- The acquisition cycle, envisaged in DPP 2016, comprises 12 stages, one more than the 11 stages envisaged in DPP 2013.The number of stages has gone up only because DPP 2016 lists Request for Information (RFI) as the first stage while DPP 2013 mentioned it as only one of the requirements rather than listing it as one of the stages in procurement
- the Services Equipment Policy Committees (SEPCs), which are responsible for finalising SQRs, will now be able to seek the assistance of experts. This should help in formulation of more realistic SQRs
- a procedure has been laid down to deal with instances of change in the name of a vendor at any stage during the process of procurement due to change in business strategy, merger and acquisitions, or any other reason.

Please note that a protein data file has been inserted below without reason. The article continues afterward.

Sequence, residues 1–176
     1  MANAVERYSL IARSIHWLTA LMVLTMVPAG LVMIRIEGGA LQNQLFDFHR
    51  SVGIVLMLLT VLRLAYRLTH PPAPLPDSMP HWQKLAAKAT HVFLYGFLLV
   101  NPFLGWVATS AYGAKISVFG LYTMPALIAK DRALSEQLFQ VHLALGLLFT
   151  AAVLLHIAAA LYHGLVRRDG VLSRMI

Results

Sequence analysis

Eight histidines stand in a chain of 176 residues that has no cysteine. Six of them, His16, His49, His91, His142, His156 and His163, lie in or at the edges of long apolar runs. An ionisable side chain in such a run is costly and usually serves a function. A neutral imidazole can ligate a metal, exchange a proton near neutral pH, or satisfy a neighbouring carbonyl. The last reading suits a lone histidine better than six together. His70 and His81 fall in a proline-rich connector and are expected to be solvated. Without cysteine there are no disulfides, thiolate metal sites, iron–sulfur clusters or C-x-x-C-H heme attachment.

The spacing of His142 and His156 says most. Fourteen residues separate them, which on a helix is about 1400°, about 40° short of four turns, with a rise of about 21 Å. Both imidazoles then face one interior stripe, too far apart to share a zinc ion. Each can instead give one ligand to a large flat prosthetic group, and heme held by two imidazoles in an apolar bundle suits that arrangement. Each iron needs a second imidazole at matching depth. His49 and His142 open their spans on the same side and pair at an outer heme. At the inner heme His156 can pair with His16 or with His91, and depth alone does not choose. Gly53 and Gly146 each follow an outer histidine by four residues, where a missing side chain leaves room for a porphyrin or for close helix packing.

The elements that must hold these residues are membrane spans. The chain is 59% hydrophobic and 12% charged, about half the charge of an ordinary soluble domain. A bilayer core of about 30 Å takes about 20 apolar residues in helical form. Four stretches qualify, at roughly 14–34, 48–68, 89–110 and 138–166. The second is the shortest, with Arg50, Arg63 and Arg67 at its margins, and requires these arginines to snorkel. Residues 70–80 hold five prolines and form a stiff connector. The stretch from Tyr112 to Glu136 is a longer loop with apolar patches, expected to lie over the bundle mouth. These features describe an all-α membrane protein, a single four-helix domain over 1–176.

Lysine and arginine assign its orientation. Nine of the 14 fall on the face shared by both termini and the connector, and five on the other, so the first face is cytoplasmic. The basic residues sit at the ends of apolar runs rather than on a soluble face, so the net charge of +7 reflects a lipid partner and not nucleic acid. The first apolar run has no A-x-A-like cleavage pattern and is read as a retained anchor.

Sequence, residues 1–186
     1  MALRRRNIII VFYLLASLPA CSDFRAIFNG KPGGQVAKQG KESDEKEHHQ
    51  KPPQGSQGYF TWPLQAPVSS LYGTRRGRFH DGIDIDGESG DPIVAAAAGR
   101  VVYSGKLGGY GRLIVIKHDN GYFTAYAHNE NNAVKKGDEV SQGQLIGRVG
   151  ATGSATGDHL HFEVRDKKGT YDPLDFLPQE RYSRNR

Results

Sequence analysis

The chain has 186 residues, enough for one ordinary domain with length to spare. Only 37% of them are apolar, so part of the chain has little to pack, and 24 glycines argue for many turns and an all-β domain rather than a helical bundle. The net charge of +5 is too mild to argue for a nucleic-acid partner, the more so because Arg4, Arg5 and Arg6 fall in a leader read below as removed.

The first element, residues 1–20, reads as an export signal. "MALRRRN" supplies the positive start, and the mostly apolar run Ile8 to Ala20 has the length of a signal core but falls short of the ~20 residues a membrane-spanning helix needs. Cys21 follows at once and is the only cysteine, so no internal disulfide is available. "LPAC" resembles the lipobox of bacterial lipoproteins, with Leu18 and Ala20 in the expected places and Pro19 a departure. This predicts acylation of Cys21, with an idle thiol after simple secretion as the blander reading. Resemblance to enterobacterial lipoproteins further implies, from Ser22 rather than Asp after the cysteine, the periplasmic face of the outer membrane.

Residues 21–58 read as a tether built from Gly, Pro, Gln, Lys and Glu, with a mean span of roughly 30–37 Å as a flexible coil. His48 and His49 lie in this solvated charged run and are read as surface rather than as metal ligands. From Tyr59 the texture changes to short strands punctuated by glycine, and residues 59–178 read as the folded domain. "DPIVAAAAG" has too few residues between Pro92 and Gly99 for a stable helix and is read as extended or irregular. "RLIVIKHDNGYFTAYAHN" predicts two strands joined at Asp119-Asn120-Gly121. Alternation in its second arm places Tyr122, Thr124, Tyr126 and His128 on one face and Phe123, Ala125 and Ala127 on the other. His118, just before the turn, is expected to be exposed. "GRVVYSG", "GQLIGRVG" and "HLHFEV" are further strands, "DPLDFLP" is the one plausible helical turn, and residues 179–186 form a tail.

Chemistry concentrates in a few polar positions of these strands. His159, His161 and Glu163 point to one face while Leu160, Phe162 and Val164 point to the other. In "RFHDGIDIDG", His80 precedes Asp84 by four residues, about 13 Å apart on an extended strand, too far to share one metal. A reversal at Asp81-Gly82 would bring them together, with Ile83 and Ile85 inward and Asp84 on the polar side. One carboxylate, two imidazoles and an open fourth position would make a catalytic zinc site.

- It may be recalled that earlier DPPs also talked about sharing the future needs of the Armed Forces with the industry by releasing a Technology Perspective and Capability Roadmap (TPCR), covering details of the acquisition plans for a period of 15 years, so that the industry could build up its capabilities to meet the requirements. It is anybody’s guess whether the TPCR notified in April 2013 achieved that objective. DPP 2016 reiterates the need for a TPCR, but does not indicate if any changes are contemplated in its format to make it more useful for the industry.
comparision with DPP 2013: